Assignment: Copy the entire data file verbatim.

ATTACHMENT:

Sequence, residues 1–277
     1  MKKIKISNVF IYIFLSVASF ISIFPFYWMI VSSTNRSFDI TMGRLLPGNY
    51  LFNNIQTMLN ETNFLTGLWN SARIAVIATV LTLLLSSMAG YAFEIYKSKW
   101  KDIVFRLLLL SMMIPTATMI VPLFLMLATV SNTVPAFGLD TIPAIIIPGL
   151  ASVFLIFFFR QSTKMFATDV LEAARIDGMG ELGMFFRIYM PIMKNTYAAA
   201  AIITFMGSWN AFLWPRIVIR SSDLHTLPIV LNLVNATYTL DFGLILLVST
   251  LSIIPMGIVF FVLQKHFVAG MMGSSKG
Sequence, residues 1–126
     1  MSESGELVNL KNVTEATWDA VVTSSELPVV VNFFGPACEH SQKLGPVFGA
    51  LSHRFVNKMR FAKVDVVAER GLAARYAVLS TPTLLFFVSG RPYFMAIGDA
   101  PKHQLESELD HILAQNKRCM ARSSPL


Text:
Sequence, residues 1–277
     1  MKKIKISNVF IYIFLSVASF ISIFPFYWMI VSSTNRSFDI TMGRLLPGNY
    51  LFNNIQTMLN ETNFLTGLWN SARIAVIATV LTLLLSSMAG YAFEIYKSKW
   101  KDIVFRLLLL SMMIPTATMI VPLFLMLATV SNTVPAFGLD TIPAIIIPGL
   151  ASVFLIFFFR QSTKMFATDV LEAARIDGMG ELGMFFRIYM PIMKNTYAAA
   201  AIITFMGSWN AFLWPRIVIR SSDLHTLPIV LNLVNATYTL DFGLILLVST
   251  LSIIPMGIVF FVLQKHFVAG MMGSSKG
Sequence, residues 1–126
     1  MSESGELVNL KNVTEATWDA VVTSSELPVV VNFFGPACEH SQKLGPVFGA
    51  LSHRFVNKMR FAKVDVVAER GLAARYAVLS TPTLLFFVSG RPYFMAIGDA
   101  PKHQLESELD HILAQNKRCM ARSSPL